Events Calendar

The Battle of Cannae in the Roman Poetic Imagination

Friday, October 25, 2019
4:00 pm - 6:00 pm
University Community Centre (UCC)
Room: 41

On Friday, October 25th at 4:30pm in UCC 41, Professor Neil Bernstein will give a public lecture on “The Battle of Cannae in the Roman Poetic Imagination.” The lecture will be accessible for and of interest to a general audience, and all are welcome. The lecture will be followed by a reception in the Garden Room in Somerville House.

Abstract: Cannae was the greatest battle of the ancient Greco-Roman world. In The Allure of Battle, the military historian Cathal Nolan has written of the dangerous illusion cast by Cannae, from antiquity right up through the Schlieffen plan of World War One. This paper examines how the Roman poet Silius Italicus represents Cannae in his epic Punica, written at end of the first century AD. As part of my forthcoming Oxford commentary on Punica 9, I examine Cannae in the tradition of epic accounts of other decisive battles such as Virgil’s Actium and Lucan’s Pharsalus. Cannae provides the hinge point of a story of defeat and recovery. Yet the Punica is not providential, because the Romans eventually win the war, nor does Cannae fit neatly into a simplistic narrative of Roman morality. The paper focuses on three elements that align Silius’ Cannae with civil war themes: the familiar Roman metaphor of the state as a family; the role of the gods; and the anachronistic use of characters’ names. Silius addresses an audience of recent survivors of the Flavian civil war, and guides them to interpret the Cannae episode in this contemporary context.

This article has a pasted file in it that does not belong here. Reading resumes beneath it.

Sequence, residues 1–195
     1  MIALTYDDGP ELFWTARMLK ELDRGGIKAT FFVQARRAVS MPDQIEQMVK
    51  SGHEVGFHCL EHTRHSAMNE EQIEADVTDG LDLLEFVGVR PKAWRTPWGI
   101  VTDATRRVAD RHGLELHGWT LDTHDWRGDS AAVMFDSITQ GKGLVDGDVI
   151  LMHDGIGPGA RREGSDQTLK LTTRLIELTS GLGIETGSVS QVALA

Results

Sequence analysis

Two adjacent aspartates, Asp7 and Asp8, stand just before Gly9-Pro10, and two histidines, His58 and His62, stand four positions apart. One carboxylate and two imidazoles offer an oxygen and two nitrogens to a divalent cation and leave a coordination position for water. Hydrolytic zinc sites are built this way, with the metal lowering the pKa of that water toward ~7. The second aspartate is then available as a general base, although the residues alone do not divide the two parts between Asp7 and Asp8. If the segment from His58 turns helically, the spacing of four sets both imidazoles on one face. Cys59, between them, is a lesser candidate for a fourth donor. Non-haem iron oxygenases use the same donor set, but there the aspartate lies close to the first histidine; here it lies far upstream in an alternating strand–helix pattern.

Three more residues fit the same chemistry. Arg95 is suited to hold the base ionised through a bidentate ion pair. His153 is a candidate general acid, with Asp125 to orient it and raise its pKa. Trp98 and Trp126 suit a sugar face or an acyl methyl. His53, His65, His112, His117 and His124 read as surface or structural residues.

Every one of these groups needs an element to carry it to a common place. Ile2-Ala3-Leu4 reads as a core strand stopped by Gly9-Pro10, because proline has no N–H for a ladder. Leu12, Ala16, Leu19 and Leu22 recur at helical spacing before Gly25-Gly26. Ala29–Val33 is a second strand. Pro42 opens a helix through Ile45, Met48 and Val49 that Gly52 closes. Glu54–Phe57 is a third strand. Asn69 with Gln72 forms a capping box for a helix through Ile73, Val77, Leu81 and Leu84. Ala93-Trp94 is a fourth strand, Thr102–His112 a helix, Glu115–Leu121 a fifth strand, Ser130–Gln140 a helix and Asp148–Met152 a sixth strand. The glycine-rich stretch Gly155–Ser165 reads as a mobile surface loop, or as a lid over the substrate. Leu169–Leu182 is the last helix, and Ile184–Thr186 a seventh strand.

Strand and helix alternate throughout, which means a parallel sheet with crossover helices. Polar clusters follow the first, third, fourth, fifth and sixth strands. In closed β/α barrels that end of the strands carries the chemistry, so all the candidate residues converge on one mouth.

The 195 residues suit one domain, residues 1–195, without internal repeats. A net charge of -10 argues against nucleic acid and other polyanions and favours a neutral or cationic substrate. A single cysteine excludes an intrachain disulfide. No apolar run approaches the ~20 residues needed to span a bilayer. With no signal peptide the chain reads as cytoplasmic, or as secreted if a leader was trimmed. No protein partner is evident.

Speaker Bio: Neil Bernstein is a Professor in the Department of Classics and World Religions at Ohio University and a Distinguished Scholar in Residence at Western for the fall semester of 2019. He is a graduate of Amherst College with an undergraduate degree in Classics and English, and he holds a Ph.D. in Classical Studies from Duke University. He is the author of 4 books and 37 articles or book chapters, including In the Image of the Ancestors: Narratives of Kinship in Flavian Epic, published in 2008 by the University of Toronto Press, Ethics, Identity, and Community in Later Roman Declamation, published in 2013 by Oxford University Press, and Silius Italicus, Punica 2. Edited with an Introduction, Translation, and Commentary, published in 2017 by Oxford University Press. At Western he is working on several projects, including commentaries on Silius Italicus’ Punica 9 and Seneca’s Hercules Furens. Among other awards, he has held a Fulbright Lectureship at the National Taiwan University and an NEH Fellowship at the National Humanities Center in Research Triangle Park, North Carolina. He has been a Charles J. Ping Teaching Fellow and won a Distinguished Mentor Award at Ohio University.

Classical Studies
Erin Wollnough
Event Type:

Powered by Blackbaud
nonprofit software